Isara Foundation

Isara is unique in that it is one of the only free volunteer programs in Thailand. This non-profit organization provides free education to hundreds of Thai school children and implements projects that raise awareness about personal safety and environmental awareness. You can help by teaching English, computers or art to the children in the free learning center or by helping out at the Recycling Center, rebuilding classrooms and distributing free helmets to the community and the surrounding towns.


US Navy 120109-N-NB694-319 Sailors assigned to the Nimitz-class aircraft carrier USS Abraham Lincoln (CVN 72) teach English to students at Nikhom



The East Bali Project

When the team from the East Bali Project first started, they asked the local villagers in East Bali what their main priority was and they said education for their children. Since then, the organization has gone on to increase literacy rates among young people, provide scholarships for disadvantaged school children, raise awareness about nutrition and sanitation, provide free healthcare to those in need and vastly improve water resources and infrastructure in the area. If you have experience and training in the specialist fields of agriculture, education, environment, health, infrastructure, technology, or nutrition and can commit to at least 2 months, you can make a difference with this award-winning non-profit organization.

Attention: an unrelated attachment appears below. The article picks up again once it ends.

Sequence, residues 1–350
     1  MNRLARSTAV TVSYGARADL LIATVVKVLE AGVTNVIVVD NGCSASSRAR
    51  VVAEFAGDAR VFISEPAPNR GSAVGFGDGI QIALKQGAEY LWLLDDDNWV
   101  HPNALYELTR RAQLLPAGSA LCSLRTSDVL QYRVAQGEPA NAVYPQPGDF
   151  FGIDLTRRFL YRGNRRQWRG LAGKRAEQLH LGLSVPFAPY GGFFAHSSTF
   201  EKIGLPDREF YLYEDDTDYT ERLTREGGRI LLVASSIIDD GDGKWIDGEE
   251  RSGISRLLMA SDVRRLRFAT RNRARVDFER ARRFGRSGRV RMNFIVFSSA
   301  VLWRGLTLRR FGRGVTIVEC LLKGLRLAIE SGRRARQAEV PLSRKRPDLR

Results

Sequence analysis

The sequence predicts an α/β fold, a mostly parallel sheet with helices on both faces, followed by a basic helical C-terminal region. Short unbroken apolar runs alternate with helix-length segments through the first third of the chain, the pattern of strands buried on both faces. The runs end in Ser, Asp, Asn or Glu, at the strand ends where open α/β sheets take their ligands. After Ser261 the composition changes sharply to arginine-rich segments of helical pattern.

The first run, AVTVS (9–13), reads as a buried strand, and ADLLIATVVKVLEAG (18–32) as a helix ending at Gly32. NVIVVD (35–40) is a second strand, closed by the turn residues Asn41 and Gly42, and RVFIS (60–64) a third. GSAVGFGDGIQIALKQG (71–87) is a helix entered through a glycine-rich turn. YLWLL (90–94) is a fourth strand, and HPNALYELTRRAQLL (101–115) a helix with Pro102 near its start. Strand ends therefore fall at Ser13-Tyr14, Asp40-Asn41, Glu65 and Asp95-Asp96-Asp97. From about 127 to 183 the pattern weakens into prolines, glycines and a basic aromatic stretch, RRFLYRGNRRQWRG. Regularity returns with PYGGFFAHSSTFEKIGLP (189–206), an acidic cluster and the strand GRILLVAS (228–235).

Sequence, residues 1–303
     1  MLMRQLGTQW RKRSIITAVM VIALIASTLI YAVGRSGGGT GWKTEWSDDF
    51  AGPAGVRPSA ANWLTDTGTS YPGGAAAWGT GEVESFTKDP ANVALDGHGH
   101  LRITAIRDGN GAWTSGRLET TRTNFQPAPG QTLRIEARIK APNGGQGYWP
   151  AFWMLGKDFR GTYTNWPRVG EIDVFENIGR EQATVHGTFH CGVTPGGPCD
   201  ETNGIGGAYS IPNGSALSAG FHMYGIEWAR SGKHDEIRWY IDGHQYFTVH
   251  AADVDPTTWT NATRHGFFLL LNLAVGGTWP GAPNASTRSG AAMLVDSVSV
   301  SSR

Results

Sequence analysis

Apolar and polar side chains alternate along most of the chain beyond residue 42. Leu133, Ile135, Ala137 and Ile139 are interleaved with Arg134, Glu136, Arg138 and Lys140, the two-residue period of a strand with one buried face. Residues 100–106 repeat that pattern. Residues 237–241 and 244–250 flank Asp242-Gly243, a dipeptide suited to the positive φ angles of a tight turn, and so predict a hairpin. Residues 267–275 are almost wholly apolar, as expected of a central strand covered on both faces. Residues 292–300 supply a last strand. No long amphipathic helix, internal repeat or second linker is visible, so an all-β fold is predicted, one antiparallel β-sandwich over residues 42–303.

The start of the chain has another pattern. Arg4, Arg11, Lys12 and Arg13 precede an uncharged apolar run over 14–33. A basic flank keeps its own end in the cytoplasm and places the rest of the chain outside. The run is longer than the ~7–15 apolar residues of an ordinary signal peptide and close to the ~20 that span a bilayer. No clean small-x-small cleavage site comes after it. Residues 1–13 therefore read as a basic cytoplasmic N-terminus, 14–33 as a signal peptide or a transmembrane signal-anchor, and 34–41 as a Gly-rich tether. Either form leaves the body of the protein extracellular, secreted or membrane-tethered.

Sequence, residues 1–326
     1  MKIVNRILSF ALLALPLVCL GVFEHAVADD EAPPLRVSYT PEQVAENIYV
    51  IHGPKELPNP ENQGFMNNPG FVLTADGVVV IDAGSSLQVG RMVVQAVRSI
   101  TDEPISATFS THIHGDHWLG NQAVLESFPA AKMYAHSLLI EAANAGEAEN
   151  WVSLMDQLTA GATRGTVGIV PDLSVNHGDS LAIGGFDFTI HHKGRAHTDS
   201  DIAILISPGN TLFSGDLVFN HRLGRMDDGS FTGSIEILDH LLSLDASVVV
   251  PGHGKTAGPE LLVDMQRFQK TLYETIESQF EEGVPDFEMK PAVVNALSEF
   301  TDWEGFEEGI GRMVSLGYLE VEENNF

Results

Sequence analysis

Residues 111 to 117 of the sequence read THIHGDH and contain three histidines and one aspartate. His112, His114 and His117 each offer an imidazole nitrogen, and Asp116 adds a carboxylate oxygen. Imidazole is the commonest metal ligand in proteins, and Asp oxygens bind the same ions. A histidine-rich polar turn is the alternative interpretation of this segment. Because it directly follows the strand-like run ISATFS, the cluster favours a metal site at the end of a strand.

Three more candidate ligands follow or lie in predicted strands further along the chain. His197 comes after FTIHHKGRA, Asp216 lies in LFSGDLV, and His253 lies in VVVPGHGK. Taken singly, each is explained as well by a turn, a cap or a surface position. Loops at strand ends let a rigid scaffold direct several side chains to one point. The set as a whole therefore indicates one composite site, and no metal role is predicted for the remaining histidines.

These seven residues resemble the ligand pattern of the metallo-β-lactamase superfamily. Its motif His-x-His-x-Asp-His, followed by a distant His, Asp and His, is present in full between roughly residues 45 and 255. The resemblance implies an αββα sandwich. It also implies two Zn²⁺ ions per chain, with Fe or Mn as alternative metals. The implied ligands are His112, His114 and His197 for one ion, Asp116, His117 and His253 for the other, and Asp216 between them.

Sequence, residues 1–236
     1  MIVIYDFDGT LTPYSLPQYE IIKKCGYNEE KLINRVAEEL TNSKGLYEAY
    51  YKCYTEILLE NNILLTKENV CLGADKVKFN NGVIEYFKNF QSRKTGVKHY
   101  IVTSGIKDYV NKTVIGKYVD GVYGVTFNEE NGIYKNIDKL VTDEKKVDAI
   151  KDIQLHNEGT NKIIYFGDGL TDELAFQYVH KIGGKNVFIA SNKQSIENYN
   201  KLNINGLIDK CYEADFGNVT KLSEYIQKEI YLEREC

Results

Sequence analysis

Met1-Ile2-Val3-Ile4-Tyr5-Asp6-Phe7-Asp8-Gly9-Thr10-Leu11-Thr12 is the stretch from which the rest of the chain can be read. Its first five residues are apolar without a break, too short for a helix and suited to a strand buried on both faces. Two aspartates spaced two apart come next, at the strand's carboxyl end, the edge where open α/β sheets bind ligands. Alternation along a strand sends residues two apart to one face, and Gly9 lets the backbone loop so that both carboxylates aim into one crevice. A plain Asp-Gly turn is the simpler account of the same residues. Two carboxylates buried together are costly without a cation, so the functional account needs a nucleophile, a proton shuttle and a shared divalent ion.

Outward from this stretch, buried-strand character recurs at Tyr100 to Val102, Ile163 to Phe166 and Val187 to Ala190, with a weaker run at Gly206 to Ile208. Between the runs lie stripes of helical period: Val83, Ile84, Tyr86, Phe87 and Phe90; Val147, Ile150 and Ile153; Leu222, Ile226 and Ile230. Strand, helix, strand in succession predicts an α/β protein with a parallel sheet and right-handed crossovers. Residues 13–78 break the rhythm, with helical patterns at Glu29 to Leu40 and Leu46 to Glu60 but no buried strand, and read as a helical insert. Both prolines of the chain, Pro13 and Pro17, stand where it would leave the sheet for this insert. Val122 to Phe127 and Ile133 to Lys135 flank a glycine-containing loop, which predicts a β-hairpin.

Established in 1994, ProFauna is a non-profit organization that works in a non-political and non-violent way to protect wildlife and forests in Indonesia. They currently have two opportunities for volunteers in Indonesia: teaching wildlife and forest conservation at their education center in Malang, and a hands-on sea turtle conservation program in Bali. Volunteers pay a small fee that includes lodging and three meals a day.

Baby Sea Turtle


Free the Bears